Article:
Definition of troubadour
1 : one of a class of lyric poets and poet-musicians often of knightly rank who flourished from the 11th to the end of the 13th century chiefly in the south of France and the north of Italy and whose major theme was courtly love — compare trouvère
2 : a singer especially of folk songs
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Recent Examples of troubadour from the Web
The multiple Grammy Award-winning troubadour recounts his near-fatal drug overdose quite matter-of-factly in his acclaimed book.
His homemade Vines and other bedroom releases catapulted the young troubadour to fame, and Mendes continues to prove himself worthy of the adulation.
Raised near Romeo, the 21-year-old troubadour who now calls Detroit home has an angelic voice that's augmented by a blend of guitars (and occasionally a banjo).
They've been influenced by the hard-rock energy of AC/DC and the bluesy troubadour sound of Ryan Adams.
Music will include surf classics, reggae and calypso steel drums, classic country, Latin pop, classics from the ’80s and ’90s, a ’70s troubadour guitarist and a romantic Latin duo.
A Texas troubadour, a Nashville soul singer who celebrates celebrating Memphis, and a country punk from North Carolina are visiting town this week.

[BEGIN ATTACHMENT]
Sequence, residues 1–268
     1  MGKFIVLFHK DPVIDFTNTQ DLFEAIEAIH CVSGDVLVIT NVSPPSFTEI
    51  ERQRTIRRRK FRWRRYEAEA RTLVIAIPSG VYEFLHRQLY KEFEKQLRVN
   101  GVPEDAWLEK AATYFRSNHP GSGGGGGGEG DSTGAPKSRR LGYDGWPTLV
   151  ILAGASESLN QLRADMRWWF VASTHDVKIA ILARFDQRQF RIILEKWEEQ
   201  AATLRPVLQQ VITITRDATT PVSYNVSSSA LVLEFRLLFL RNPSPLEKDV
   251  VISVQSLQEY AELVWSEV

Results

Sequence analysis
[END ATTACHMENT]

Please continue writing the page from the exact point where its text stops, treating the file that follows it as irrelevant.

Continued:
Bruce Springsteen—turnpike troubadour, messiah of the Meadowlands—is headed to Broadway.
Considering how whisper-soft her music can be, a bar may not be the ideal setting for this young New Zealand troubadour and her quietly haunting songs.
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Did You Know?
In the Middle Ages, troubadours were the shining knights of poetry (in fact, some were ranked as high as knights in the feudal class structure). Troubadours made chivalry a high art, writing poems and singing about chivalrous love, creating the mystique of refined damsels, and glorifying the gallant knight on his charger. Troubadour was a fitting name for such creative artists; it derives from an Old Occitan word meaning "to compose." In modern contexts, troubadour still refers to the song-meisters of the Middle Ages, but it has been extended to cover contemporary poet-musicians as well.
Origin and Etymology of troubadour
French, from Old Occitan trobador, from trobar to compose, from Vulgar Latin *tropare, from Latin tropus trope
First Known Use: circa 1741See Words from the same year
TROUBADOUR Defined for English Language Learners
Definition of troubadour for English Language Learners
: a writer and performer of songs or poetry in the Middle Ages
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